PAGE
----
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Terminator Habitability on M-Dwarf Planets

Presentation #402.06 in the session Extrasolar Planet Atmospheres — iPoster Session.

Published onJun 29, 2022
Terminator Habitability on M-Dwarf Planets

Rocky planets orbiting M-dwarf stars are among the most promising and abundant astronomical targets for detecting habitable climates. Planets in the M-dwarf habitable zone are likely synchronously rotating, such that we expect significant day-night temperature differences, and potentially limited fractional habitability. Many studies have explored mechanisms that allow, in cases of limited fractional habitability, for temperate climates to occur in the substellar or “eye” region. Here, we explore an alternate climate configuration to determine the viability of “terminator habitability”, defined as the existence of a habitable band at the transition between a scorching day side and a glacial night side.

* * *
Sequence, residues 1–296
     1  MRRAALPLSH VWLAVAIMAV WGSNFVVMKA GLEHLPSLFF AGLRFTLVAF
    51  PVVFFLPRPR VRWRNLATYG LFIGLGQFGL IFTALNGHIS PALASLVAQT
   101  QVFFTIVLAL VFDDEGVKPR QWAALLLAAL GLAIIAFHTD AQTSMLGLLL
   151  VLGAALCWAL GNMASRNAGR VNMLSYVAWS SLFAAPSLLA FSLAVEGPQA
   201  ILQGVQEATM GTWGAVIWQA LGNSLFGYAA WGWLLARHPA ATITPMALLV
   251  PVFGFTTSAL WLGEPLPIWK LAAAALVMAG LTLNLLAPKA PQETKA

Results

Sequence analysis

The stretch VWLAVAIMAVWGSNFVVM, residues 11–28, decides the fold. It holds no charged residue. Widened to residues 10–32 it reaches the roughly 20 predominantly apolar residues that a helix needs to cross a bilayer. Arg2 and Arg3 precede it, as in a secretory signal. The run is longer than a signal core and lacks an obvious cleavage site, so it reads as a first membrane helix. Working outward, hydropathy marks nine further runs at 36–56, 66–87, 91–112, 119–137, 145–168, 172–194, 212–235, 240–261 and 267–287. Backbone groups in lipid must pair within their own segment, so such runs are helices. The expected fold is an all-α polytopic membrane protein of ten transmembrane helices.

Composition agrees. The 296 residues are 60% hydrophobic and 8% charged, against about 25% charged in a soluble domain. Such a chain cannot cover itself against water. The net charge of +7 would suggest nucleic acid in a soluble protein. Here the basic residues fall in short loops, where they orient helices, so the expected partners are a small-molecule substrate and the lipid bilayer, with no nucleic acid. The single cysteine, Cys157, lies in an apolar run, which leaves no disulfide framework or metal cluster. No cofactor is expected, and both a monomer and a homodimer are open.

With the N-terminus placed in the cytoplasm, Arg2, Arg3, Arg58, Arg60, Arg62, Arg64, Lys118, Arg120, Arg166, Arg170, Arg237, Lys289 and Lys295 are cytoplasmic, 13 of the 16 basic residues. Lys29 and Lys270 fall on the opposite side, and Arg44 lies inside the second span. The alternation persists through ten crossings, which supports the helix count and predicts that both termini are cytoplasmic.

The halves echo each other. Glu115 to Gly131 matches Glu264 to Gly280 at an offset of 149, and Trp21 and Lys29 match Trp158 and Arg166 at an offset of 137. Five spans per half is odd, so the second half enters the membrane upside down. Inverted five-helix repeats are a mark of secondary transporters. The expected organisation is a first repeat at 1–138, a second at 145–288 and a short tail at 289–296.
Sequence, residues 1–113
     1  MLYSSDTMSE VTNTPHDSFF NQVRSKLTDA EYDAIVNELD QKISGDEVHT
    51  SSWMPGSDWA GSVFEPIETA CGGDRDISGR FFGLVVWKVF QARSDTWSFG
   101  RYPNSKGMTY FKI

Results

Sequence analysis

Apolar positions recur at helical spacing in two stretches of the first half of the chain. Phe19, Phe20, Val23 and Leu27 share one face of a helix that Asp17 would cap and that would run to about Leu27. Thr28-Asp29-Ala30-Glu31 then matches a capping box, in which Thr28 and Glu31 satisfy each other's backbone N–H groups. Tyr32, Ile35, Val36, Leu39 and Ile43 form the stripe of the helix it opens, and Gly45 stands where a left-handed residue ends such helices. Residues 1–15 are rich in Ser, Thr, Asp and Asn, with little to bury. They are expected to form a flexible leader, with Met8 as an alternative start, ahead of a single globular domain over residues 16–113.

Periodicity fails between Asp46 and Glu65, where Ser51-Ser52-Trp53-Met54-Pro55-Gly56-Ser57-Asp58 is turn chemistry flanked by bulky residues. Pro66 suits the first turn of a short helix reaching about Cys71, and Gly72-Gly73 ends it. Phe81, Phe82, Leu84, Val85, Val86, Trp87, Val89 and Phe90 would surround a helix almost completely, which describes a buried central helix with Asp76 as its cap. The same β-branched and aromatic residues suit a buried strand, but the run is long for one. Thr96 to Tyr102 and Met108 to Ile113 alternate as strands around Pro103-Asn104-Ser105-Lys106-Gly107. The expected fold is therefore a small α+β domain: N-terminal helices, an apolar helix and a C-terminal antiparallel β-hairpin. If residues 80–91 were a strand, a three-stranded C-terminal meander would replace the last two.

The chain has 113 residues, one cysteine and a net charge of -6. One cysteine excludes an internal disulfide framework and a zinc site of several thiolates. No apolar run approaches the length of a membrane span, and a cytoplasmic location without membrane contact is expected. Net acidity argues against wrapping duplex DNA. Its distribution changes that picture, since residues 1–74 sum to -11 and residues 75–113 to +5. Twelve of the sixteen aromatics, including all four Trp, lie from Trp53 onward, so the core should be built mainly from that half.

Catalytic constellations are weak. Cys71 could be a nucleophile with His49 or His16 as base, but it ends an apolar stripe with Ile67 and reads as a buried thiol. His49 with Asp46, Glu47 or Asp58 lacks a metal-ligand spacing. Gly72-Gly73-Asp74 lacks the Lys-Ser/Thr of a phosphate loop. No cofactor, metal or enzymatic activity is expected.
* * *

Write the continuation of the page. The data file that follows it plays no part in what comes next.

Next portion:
Using the ExoCAM climate model, we show that terminator habitability does not occur in water-rich aquaplanets, but is easily achievable for water-limited land planets. On water-rich planets, increased stellar flux leads to enhanced net atmospheric energy transport to the night side, reducing the day-night temperature differences. Near the inner edge of the habitable zone, the planetary surface temperature differences become small, such that the terminator does not remain habitable once the day-side temperatures approach runaway or moist greenhouse limits. But on water-limited land planets, the day-night temperature contrasts are more than doubled. Their reduced cloud coverage and lower top-of-atmosphere albedo allows the planetary surface to receive more day-side radiation for the same stellar flux. The increased radiation facilitates high temperatures in the “eye”, while a reduction in the net atmospheric energy transport results in even colder night-side temperatures.

We also show that, while some water-abundant simulations can result in larger fractional habitability, they are highly vulnerable to water loss through cold-trapping on the night-side surface or atmospheric water vapor escape. This result suggests that even if most planets were formed with abundant water, many of their climates could become water-limited and subject to terminator habitability.


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